2 Corinthians 2:14
“But thanks be to God, who in Christ always leads us in triumphal procession, and through us spreads the fragrance of the knowledge of him everywhere.” (1 Corinthians 2:14)
The approach to defining sin, clearly enunciated in the Old Testament, seems to provide the key to unlock the mystifying teaching of I John. John assures us that to claim sinless perfection is gross self-deception. And it makes God a liar, too! (I John 1:8-10) How then can the same author a few verses later assure us that anyone who sins does not even know God? In fact, belongs to the Devil! (I John 3:6-10). I’m convinced that the solution lies in the fact that John’s thinking was from the context of his Scripture, the Old Testament. Based on the Old Testament distinction among sins, he assures us that anyone who claims to be free of any and all sin is badly deceived, because even if we have not chosen to violate some command, still we fall far short of God’s moral likeness (I John 1). But, if I take that awareness of sinful failure as license to choose sin, again I am badly deceived. My choices have proved I don’t belong to God at all. That this is the teaching of John in chapter 3 seems clear from the verb tense he chose, a tense which is not clear in most English translations. “If anyone is sinning…” says John, if anyone continues in deliberately choosing to violate God’s known will, that person does not know God. At least any assurance of belonging to God does not come from Bible affirmation. Nowhere does the Bible assure the person who persists in deliberately sinning that he or she is acceptable to God. The Bible tells such a person, rather: Repent! Quit that sinning!
Though this distinction between two categories of sin is not taught by all advocates of successful Christian living, it may well help define our hope of victory. Do we speak of sin as deliberately choosing to violate the known will of God? Then the Bible promises full deliverance, consistent victory. No need to ever fail. Do we speak of involuntary failure to measure up to God’s likeness? Then the Bible promises us steady growth toward that goal, though we will not be fully delivered from sinful attitudes and behavior until we “become like him” when we “see him as he is” at the end of our life.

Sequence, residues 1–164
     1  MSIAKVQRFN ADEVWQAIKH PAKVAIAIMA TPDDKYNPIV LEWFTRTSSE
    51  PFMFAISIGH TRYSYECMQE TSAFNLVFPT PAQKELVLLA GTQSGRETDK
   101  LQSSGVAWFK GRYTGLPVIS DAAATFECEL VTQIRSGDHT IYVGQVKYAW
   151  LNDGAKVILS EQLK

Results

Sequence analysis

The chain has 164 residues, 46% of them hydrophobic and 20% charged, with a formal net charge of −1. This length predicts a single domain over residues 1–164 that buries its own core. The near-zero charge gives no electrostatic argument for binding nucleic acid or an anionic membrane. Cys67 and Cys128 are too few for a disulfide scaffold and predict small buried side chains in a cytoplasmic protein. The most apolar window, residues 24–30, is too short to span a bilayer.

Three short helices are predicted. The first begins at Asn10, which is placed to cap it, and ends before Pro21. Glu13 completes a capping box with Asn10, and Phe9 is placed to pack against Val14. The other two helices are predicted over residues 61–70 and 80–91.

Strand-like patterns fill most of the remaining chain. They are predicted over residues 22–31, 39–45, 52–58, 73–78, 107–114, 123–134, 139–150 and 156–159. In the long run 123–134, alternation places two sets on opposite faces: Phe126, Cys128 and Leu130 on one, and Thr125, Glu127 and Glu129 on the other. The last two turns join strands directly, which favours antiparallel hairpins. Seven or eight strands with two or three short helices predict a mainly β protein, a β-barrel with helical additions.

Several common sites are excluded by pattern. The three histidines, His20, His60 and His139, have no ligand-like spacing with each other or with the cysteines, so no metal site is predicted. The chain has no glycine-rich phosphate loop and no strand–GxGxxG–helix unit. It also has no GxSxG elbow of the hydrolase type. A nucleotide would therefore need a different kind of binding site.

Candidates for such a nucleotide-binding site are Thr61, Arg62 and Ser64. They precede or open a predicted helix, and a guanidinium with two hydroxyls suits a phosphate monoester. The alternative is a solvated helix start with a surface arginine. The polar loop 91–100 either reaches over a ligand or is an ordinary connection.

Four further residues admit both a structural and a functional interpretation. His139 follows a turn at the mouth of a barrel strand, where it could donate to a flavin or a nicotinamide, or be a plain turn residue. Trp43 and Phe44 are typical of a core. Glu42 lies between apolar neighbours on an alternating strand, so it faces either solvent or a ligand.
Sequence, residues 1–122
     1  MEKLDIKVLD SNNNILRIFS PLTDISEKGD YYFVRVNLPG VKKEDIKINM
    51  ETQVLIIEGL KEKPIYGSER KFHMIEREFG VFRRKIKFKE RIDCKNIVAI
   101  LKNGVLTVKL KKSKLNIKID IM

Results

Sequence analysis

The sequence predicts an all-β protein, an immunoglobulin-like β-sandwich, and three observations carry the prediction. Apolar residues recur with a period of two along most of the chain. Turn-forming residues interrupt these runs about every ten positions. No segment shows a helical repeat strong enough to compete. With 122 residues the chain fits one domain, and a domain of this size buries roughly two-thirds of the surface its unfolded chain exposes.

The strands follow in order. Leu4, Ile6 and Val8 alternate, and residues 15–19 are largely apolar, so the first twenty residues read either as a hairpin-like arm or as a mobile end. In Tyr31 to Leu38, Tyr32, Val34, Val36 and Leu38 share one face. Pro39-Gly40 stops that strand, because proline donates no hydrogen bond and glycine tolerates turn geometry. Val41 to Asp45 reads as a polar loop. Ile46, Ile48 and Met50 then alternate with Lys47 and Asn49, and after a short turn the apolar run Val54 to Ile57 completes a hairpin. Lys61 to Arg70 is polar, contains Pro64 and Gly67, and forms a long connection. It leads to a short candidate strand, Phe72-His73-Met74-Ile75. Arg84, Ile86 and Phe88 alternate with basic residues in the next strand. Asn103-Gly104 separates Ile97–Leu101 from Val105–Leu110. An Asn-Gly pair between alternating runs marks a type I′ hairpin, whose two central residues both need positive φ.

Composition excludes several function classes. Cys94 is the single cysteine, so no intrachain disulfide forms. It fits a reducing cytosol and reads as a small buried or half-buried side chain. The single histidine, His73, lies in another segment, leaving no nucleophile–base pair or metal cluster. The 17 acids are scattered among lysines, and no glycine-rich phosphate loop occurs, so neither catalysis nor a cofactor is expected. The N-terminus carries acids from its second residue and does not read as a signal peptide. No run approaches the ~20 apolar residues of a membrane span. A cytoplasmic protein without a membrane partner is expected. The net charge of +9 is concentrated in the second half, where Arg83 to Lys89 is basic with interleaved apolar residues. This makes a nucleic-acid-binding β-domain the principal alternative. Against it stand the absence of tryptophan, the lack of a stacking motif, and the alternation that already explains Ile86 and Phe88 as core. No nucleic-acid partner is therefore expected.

I call this the mediating view of sanctification because it stands midway between those who hold out hope for absolute perfection on one hand and those who hold out no hope for a victorious life on the other. It is much easier to go to a consistent extreme than to stay at the center of biblical tension!
In reaction to perfectionist teaching, some have concluded that there is no hope beyond the common Christian experience of struggle and defeat. Their preaching and writing about the inevitability of living in constant, deliberate sin does not sound exactly like Paul’s great proclamation of emancipation: sin shall not have dominion over you! (Romans 6:14). He gives thanks to God who always causes us to triumph (1 Corinthians 2:14) and exults in the assurance that we are more than conquerors (Romans 8:37). These are not isolated proof texts but rather reflect the mood of the entire New Testament. These texts extend from the promise of abundant life (John 10:10) and a bumper crop of Christlike characteristics (John 15) by Jesus himself to the promises of Peter that we can escape from the world’s corruption and experience abounding godliness (1 Peter 1). These texts continue on to John’s assurance that we must (and can) live out life in the moral light (I John 1). If we don’t live life in the light, we should question if we even belong to God at all (I John 3). The gospel is good news not merely for life beyond the grave, but good news for success in daily life today.
This does not mean, however, that living the God-intended life is easy. Ours is no spectator religion in which we relax and let Christ live out His life in our bodies. There is indeed the rest of faith, but there is also the wrestle. Nevertheless, it is warfare with victory assured, not defeat. And those who settle for a life of defeat are “shortsighted, even to blindness, and have forgotten that they were purged from the old sinful ways” (1 Peter 1:9). In fact, Paul calls such people “carnal” because they behave like the unconverted (1 Corinthians 3:3).
Not all Christians, then, experience the God-intended life. The difference among Christians is not merely one of degree, all on a growth track with some growing more rapidly than others. Who are the defeated, the “carnal,” the “shortsighted”? There are three varieties: 1) some are ignorant of God’s plan for victorious living or the way to experience it; 2) some may know basic principles but have drifted out of a tight relationship with God, perhaps through neglecting the means of grace; and 3) some are in flat-out rebellion, deliberately saying “no” to God in some matter.
What do people need when they find themselves in habitual sin? They need a fresh encounter with God, a return to the original contract of faith they signed when they received salvation. They need to yield and trust. No person is more than two steps away from a life of victory in Christ: surrender and faith, consciously yielding to God unconditionally and trusting him to keep his word. Such is the relationship that releases Holy Spirit power for living. It does not provide instantaneous perfection, but it does start the process of transformation from one degree of his glorious character to another till we are finally made complete in Christ when we see him as he is. That is our glorious hope!